might be the first time a critic from the Trib,
or any other city newspaper,
has reviewed an exhibit at the P&C
since Eleanor Jewett retired in 1956)

(part of the courtyard garden,
not the exhibit,
but what a spectacular bloom
it was)

Sunday, May 18, 2008

The Bandar Log Press

As Stuart explained in his lecture at last month's openhouse
Frank Holme (1868-1904)
was a prime mover in the creative life of the Palette and Chisel
during the brief time he was a member, c. 1897-1902.

Growing up in Keyer, West Virginia,
a tiny railroad town in the mountains,
half-way between Pittsburgh and Washington,
Holme worked as a newspaper sketch artist
in Wheeling and eventually Chicago.

(we've written about his drawings for the
infamous Sausage-vat murder trial here )

An ambitious fellow,
he also started an art school
and a small publishing company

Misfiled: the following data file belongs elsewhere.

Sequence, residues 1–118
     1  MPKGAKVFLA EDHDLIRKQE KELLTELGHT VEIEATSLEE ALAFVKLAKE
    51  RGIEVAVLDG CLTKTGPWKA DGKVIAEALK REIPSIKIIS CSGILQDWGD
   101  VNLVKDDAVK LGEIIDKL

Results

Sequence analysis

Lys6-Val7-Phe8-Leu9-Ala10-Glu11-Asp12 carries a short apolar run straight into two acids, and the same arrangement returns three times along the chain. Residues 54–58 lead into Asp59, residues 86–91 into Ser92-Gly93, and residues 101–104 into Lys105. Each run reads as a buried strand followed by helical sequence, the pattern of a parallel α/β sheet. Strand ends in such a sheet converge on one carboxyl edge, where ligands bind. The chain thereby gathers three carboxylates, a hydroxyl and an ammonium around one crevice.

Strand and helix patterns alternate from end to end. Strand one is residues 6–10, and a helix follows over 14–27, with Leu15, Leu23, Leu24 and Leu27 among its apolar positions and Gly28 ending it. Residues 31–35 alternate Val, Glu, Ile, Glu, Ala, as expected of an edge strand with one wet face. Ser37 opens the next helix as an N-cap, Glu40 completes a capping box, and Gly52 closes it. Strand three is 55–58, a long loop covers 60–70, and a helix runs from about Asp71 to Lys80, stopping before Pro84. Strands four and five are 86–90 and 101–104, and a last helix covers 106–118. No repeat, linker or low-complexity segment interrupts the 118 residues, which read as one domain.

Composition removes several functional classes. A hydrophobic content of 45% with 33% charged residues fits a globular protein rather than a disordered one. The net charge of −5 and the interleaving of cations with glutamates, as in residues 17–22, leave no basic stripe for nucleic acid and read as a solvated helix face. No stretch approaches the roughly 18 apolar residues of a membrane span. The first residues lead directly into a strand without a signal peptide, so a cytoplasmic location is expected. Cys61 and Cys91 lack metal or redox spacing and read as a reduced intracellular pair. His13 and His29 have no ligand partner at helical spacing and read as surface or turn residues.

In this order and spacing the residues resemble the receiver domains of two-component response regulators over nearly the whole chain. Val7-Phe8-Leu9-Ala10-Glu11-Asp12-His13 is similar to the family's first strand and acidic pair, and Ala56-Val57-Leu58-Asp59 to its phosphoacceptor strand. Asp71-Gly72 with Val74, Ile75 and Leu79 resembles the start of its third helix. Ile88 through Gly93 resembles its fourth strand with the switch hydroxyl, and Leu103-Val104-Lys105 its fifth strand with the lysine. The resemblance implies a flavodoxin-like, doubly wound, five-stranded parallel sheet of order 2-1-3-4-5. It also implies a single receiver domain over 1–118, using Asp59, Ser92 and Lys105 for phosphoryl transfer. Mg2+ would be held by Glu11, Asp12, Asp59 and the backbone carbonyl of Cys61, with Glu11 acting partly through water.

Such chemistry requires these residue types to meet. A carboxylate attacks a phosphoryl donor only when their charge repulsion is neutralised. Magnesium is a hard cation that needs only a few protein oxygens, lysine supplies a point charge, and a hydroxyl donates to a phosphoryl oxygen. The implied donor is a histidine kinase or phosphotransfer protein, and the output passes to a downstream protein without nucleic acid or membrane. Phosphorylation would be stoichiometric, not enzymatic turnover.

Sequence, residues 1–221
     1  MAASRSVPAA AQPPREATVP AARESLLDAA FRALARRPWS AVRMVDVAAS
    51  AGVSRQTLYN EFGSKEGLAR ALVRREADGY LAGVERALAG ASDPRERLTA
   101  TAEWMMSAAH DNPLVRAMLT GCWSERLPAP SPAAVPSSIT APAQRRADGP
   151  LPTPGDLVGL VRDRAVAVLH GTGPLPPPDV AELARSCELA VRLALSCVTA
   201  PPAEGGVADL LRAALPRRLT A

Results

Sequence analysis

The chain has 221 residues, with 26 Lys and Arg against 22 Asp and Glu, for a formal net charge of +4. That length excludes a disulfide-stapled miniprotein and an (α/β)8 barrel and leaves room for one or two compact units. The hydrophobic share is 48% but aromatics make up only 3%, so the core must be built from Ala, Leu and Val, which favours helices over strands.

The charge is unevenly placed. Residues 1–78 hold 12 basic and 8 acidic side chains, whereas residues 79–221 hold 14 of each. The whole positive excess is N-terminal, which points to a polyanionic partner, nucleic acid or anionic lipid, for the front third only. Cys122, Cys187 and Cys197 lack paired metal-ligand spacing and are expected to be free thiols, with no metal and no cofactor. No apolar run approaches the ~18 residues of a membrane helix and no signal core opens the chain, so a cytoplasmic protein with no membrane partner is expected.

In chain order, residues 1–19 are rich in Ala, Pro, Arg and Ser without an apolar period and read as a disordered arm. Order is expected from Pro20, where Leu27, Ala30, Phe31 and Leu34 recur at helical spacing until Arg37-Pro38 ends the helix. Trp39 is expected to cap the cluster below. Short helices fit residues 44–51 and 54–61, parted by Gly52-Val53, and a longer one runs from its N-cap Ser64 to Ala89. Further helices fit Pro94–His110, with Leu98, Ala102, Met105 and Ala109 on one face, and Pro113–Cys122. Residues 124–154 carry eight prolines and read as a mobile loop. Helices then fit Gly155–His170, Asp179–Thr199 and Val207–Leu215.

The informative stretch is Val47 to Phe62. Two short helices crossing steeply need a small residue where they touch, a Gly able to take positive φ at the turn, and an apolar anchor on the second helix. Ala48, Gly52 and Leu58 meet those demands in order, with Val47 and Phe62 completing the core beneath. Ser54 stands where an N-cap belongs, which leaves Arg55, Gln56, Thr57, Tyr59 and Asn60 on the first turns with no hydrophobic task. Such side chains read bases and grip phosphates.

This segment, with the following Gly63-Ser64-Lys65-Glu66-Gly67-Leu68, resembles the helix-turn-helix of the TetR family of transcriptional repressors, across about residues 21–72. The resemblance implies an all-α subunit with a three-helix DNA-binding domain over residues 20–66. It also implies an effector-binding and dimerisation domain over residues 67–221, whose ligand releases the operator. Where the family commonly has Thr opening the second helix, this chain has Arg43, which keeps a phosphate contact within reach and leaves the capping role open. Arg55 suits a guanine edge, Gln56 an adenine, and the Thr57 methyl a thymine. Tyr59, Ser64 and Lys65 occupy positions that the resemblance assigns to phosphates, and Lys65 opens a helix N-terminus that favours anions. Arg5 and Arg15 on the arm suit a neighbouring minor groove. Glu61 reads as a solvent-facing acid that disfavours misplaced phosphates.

called the Bandar Log Press

named after the bandar logs (monkey people)
found in Kipling's "Jungle Book"

"Here we sit in a branchy row,
Thinking of beautiful things we know;
Dreaming of deeds that we mean to do,
All complete, in a minute or two--
Something noble and wise and good,
Done by merely wishing we could.
We've forgotten, but--never mind,
Brother, thy tail hangs down behind!"

(which mad-cap attitude seems to have
pervaded everything he did)

Driven from Chicago by his failing health,
one of the last projects of the press
was "The Strenulous Lads Library",
some very short, and very small

written by George Ade ,
that gently satirize American ideals.

They're kind of like
the super-hero comic books
of later decades -- but not quite.

They don't seem to be aimed at the children's market,
and with a total run of 350 copies each,
they're not aimed at much of a market at all.

But they did become a public company,
and here's a list of shareholders,
including some famous writers (Tarkington - and later Mark Twain)
as well as members of the P&C